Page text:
Differences in outcomes of obese women and men undergoing primary total hip arthroplasty
Version of Record online: 28 FEB 2007
Copyright © 2007 by the American College of Rheumatology
Arthritis Care & Research
Volume 57, Issue 2, pages 327–334, 15 March 2007
How to Cite
Lübbeke, A., Stern, R., Garavaglia, G., Zurcher, L. and Hoffmeyer, P. (2007), Differences in outcomes of obese women and men undergoing primary total hip arthroplasty. Arthritis & Rheumatism, 57: 327–334. doi: 10.1002/art.22542
- Issue online: 28 FEB 2007
- Version of Record online: 28 FEB 2007
- Manuscript Accepted: 13 JUN 2006
- Manuscript Received: 17 JAN 2006
- Total hip arthroplasty;
- Sex difference
To evaluate the effect of obesity on the incidence of main complications (infection, dislocation, and revision), functional outcome, and patient satisfaction 5 years after primary total hip arthroplasty (THA), and to determine whether results differ between obese women and men.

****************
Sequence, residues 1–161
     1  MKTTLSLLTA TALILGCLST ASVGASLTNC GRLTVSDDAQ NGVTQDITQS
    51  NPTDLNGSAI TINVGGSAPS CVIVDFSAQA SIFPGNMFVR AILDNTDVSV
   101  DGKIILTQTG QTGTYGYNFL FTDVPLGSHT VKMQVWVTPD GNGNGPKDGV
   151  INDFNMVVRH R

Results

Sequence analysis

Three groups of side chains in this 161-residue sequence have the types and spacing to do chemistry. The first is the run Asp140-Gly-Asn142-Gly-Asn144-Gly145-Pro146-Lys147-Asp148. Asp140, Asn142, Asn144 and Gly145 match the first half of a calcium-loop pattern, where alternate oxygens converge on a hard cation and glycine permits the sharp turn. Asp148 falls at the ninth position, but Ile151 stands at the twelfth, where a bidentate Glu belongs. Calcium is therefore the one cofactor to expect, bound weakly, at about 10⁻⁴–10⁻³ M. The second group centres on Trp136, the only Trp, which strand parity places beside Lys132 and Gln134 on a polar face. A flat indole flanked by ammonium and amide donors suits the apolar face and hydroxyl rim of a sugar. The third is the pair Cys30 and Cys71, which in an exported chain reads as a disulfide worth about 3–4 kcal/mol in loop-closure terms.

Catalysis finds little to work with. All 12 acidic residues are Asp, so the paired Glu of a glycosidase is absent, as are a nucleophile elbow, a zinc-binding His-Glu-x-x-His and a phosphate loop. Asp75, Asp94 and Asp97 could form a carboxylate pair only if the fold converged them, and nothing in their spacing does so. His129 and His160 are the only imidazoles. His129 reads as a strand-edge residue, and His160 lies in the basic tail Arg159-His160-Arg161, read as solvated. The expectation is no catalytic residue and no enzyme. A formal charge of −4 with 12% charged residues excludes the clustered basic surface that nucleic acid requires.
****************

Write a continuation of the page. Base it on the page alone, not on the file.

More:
We conducted a hospital-based prospective cohort study including patients who underwent primary THA (2,495 hips) between 1996 and 2005. We used rates and rate ratios to compare the incidence of main complications in obese and nonobese patients, and we stratified the data for sex. Functional outcome was measured using the Harris Hip Score and Western Ontario and McMaster Universities Osteoarthritis Index.
The adjusted incidence rate ratio for infection (obese versus nonobese) was 4.4 (95% confidence interval [95% CI] 1.8, 10.8). Obesity substantially increased the infection rate in women (incidence rate ratio comparing obese with nonobese women 16.1; 95% CI 3.4, 75.7), whereas obesity appeared to have no effect in men (incidence rate ratio 1.0; 95% CI 0.2, 5.3). The adjusted incidence rate ratio for dislocation (obese versus nonobese) was 2.4 (95% CI 1.4, 4.2), with a higher rate increase in obese women. A total of 817 patients had a 5-year clinical followup visit. Functional outcome and satisfaction were slightly lower in obese women partly due to higher complication rates. No difference was seen in men.
Primary THA is a successful intervention in obese patients, but physician and patient must be aware of increased complications, particularly in women.